A venture capital fund that invested millions of dollars in a startup later hit with a federal fraud investigation and bankruptcy is suing the Herndon-based business accelerator Center for Innovative Technology.
According to the lawsuit, which was filed with the Fairfax County Circuit Court on May 10, Savano Capital Partners III — a fund tied to a Baltimore-based investment firm — paid CIT nearly $4.5 million in 2020 to invest in a fraud prevention technology company called NS8.
“On paper, it appeared to be earning millions in customer revenue and to have tens of millions of dollars of assets on hand,” the civil complaint said, adding that “the fraud described above occurred under Innovative’s ownership of NS8.”
Savano Capital entered into its financial agreement with CIT on March 20, 2020. At the same time, the Securities and Exchange Commission was investigating NS8 for fraud, issuing subpoenas to the company and its CEO in November 2019 and March 2020.
The SEC charged former NS8 CEO Adam Rogas with defrauding investors on Sept. 17, 2020, alleging that he had raised approximately $123 million from investors — at least $17.5 million of which he pocketed himself — by falsely claiming millions in revenue in 2019 and 2020.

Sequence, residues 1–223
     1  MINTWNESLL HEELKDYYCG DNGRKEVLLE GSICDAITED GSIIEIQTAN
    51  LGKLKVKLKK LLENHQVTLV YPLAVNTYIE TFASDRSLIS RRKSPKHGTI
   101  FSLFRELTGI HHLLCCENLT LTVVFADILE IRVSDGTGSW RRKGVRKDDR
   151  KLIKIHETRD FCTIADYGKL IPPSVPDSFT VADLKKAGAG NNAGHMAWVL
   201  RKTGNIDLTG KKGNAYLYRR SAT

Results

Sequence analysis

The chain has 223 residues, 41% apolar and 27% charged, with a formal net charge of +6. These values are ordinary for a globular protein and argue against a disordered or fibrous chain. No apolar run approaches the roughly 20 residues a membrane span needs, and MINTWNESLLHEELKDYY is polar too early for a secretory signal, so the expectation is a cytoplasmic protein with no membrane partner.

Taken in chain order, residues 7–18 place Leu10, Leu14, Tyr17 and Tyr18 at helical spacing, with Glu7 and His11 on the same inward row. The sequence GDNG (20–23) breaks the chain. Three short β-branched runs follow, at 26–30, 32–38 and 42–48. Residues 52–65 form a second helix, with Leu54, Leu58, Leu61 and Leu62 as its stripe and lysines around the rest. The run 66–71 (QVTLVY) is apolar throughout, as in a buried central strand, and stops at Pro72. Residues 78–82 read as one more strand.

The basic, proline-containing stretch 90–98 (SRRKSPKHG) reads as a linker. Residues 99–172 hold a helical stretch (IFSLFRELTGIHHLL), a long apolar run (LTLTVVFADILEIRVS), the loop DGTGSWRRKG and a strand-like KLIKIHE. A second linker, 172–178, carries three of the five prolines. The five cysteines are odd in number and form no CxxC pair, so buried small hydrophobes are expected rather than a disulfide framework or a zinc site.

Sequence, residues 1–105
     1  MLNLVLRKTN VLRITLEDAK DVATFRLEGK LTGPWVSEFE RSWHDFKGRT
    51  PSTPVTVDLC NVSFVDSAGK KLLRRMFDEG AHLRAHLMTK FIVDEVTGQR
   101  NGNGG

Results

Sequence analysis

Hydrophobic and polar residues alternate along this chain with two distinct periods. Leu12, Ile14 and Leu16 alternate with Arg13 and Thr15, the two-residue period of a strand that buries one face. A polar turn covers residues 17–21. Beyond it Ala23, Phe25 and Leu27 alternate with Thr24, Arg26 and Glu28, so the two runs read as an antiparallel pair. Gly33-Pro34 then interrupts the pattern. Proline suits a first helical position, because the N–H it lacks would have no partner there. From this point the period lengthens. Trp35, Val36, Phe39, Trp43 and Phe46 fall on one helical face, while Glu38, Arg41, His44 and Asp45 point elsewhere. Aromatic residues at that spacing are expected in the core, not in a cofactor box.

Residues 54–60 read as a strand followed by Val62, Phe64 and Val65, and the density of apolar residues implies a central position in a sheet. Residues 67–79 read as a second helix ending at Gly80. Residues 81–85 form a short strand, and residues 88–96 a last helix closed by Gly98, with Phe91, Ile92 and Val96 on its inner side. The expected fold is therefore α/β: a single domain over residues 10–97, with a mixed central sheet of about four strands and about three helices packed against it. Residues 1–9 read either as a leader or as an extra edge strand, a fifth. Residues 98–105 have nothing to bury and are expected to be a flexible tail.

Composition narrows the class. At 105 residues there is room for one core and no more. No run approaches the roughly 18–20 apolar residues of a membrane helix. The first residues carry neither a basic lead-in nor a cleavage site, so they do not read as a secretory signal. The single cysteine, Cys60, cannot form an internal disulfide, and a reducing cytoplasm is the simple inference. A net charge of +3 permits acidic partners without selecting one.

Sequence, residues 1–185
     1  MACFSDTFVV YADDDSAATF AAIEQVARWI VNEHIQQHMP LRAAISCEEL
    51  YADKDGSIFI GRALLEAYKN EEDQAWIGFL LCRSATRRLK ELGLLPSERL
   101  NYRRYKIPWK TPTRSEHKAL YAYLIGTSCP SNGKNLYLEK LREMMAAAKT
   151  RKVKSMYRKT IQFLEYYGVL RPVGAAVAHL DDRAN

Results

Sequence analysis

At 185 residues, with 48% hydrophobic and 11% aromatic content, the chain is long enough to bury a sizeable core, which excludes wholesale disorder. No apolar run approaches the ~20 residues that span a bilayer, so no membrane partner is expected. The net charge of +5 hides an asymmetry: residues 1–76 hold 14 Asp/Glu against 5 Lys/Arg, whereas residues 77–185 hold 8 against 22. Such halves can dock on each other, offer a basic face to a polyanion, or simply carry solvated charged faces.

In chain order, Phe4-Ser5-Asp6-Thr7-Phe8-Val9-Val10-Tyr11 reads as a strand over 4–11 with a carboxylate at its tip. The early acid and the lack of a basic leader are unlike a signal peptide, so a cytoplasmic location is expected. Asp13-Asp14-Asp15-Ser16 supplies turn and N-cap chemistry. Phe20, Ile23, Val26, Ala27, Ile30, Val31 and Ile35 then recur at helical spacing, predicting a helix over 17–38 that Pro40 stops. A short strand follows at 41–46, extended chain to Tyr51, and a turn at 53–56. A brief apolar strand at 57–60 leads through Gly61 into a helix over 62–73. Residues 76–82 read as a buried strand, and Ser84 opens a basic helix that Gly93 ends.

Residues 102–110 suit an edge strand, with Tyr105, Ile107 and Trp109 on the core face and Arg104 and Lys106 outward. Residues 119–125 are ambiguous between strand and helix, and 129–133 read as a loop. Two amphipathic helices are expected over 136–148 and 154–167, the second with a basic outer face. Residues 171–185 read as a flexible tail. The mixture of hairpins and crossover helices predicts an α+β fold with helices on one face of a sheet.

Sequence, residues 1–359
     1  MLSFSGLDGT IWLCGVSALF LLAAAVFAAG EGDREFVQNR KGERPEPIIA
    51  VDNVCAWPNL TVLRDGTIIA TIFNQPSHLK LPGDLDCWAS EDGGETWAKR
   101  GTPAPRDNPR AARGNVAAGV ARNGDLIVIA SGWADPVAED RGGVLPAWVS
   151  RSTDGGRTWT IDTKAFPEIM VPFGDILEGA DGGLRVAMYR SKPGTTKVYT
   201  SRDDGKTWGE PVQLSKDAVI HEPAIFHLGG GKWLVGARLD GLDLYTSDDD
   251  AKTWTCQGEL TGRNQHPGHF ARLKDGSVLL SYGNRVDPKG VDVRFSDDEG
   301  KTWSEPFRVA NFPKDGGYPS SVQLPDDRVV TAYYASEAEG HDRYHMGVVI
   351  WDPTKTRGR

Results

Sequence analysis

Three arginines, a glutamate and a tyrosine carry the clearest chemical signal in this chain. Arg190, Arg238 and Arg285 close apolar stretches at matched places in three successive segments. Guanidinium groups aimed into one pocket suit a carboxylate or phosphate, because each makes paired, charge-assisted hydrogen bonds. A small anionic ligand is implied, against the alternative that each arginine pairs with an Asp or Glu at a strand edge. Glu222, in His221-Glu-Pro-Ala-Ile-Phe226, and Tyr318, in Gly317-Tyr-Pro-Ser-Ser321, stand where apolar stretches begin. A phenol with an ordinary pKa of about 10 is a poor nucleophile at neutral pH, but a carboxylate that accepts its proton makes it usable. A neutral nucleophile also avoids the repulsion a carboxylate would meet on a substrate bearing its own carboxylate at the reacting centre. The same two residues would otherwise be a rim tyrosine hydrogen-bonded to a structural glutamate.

NS8 filed for Chapter 11 bankruptcy in October before being acquired by the software company Avolin this past February. Criminal and civil cases against Rogas are still going through federal court, with the civil case halted while the criminal case unfolds.
Prosecutors allege Rogas’ actions “led to the illusion that NS8 had over $62 million in [revenue] when, in fact, it had just over $28,000” by June 2020.
In its legal complaint, Savano says it made the deal with CIT without knowing NS8 “was virtually worthless and was in the midst of a massive accounting fraud and SEC investigation.”
According to the complaint, the investment fund valued its NS8 stake at over $4.4 million as part of a tech companies portfolio with CIT. The plaintiff is seeking to rescind the contract, arguing that the business accelerator benefited from the windfall of worthless stock, attorney Jason Ohana said at a hearing on Friday (July 23).
CIT, which facilitated funding for NS8 and previously cited it as a success story, called the lawsuit meritless and asked for a dismissal with prejudice to avoid a trial. Fairfax County Circuit Court Judge Thomas Mann denied the request.
During the hearing, Jack McCann, an attorney for CIT, argued that Savano’s investment purchase was a “unilateral mistake” by the plaintiff, because the nonprofit never detailed the underlying value of the companies.